The FCC is proposing to take WiFi national, blanketing the country with free service to places the current coverage can’t reach.
The proposal from the Federal Communications Commission has rattled the $178 billion wireless industry, which has launched a fierce lobbying effort to persuade policymakers to reconsider the idea, analysts say. That has been countered by an equally intense campaign from Google, Microsoft and other tech giants who say a free-for-all WiFi service would spark an explosion of innovations and devices that would benefit most Americans, especially the poor.
The airwaves that FCC officials want to hand over to the public would be much more powerful than existing WiFi networks that have become common in households. They could penetrate thick concrete walls and travel over hills and around trees. If all goes as planned, free access to the Web would be available in just about every metropolitan area and in many rural areas.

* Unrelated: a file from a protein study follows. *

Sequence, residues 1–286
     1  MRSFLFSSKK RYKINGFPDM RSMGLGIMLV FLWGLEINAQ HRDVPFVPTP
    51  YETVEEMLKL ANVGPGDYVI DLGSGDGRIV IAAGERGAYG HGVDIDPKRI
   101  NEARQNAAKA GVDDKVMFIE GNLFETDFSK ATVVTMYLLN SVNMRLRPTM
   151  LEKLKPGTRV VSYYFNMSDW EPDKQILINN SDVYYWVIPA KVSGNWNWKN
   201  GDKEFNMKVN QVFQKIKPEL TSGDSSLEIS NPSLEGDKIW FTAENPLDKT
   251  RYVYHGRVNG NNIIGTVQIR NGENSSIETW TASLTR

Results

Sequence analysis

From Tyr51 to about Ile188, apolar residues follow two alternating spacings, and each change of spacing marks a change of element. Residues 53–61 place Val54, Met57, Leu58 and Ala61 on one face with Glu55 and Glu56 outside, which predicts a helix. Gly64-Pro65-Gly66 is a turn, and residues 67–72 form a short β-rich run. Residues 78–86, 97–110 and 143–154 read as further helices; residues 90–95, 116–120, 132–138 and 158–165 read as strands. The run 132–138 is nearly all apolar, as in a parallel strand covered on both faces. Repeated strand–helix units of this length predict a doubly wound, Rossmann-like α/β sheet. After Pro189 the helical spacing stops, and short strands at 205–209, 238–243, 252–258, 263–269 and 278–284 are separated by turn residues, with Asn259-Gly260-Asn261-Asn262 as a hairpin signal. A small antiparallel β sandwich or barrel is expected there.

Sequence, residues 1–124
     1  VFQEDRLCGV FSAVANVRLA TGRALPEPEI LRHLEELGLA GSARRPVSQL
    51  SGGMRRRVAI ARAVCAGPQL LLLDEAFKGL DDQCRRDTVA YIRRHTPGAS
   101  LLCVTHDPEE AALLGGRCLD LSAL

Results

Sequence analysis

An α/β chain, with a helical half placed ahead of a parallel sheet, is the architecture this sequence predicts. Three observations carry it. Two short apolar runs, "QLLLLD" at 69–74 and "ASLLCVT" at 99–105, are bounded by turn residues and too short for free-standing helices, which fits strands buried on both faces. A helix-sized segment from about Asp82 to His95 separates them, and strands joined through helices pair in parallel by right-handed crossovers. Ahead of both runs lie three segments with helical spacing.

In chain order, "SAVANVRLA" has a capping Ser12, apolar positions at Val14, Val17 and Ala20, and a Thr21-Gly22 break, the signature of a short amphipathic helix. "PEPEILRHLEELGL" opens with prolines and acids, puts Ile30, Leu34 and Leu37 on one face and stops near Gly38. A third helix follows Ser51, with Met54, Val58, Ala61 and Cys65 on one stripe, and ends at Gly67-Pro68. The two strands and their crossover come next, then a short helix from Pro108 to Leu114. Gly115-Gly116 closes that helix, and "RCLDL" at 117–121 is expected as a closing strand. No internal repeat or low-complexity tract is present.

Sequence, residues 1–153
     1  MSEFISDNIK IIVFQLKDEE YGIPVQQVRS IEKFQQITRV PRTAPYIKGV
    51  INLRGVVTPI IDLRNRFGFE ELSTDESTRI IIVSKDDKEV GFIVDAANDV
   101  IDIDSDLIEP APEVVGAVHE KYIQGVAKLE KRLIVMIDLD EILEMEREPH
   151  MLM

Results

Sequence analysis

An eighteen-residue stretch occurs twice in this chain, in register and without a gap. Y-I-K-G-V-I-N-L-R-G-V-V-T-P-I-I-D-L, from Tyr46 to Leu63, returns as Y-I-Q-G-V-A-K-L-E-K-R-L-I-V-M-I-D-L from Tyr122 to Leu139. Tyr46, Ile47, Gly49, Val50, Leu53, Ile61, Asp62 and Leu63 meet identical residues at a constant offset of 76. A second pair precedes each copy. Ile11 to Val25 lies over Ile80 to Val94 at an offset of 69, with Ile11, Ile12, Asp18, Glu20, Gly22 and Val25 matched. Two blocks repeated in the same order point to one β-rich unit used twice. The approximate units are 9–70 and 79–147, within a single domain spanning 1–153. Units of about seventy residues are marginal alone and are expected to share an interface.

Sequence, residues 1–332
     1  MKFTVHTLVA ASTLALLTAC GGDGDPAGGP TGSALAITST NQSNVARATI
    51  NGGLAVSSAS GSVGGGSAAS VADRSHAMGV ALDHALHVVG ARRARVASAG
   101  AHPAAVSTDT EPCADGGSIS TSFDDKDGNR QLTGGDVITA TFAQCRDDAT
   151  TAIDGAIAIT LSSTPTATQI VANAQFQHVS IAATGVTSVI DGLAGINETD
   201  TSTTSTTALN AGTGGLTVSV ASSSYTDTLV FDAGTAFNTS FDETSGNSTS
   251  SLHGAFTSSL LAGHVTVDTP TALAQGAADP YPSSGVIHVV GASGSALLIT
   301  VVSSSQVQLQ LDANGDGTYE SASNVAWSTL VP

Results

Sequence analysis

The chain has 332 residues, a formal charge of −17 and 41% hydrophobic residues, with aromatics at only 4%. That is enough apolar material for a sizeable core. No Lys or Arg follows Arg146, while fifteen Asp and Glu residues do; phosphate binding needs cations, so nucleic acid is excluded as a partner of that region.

The new WiFi networks would also have much farther reach, allowing for a driverless car to communicate with another vehicle a mile away or a patient’s heart monitor to connect to a hospital on the other side of town.
If approved by the FCC, the free networks would still take several years to set up. And, with no one actively managing them, connections could easily become jammed in major cities. But public WiFi could allow many consumers to make free calls from their mobile phones via the Internet. The frugal-minded could even use the service in their homes, allowing them to cut off expensive Internet bills.
Google and Microsoft are very much in favor of this plan. Cell phone providers like Verizon and AT&T not so much. They argue that the spectrum should be sold to them so they can make money off it.
This is roughly equivalent to the Rural Electrification Administration set up by FDR during the Depression to get electrical service to parts of the country that didn’t have it in the 1930’s. The government, much to the chagrin of private utilities, stepped in to provide the service when the private companies would not because they didn’t see a profit in it.
In the end, everybody got something good from it; the rural areas got power and the utilities got new customers after the government did all the heavy lifting. The same thing will happen here: cheap broadband will help the public, and Verizon will still find a way to make a buck. They always do.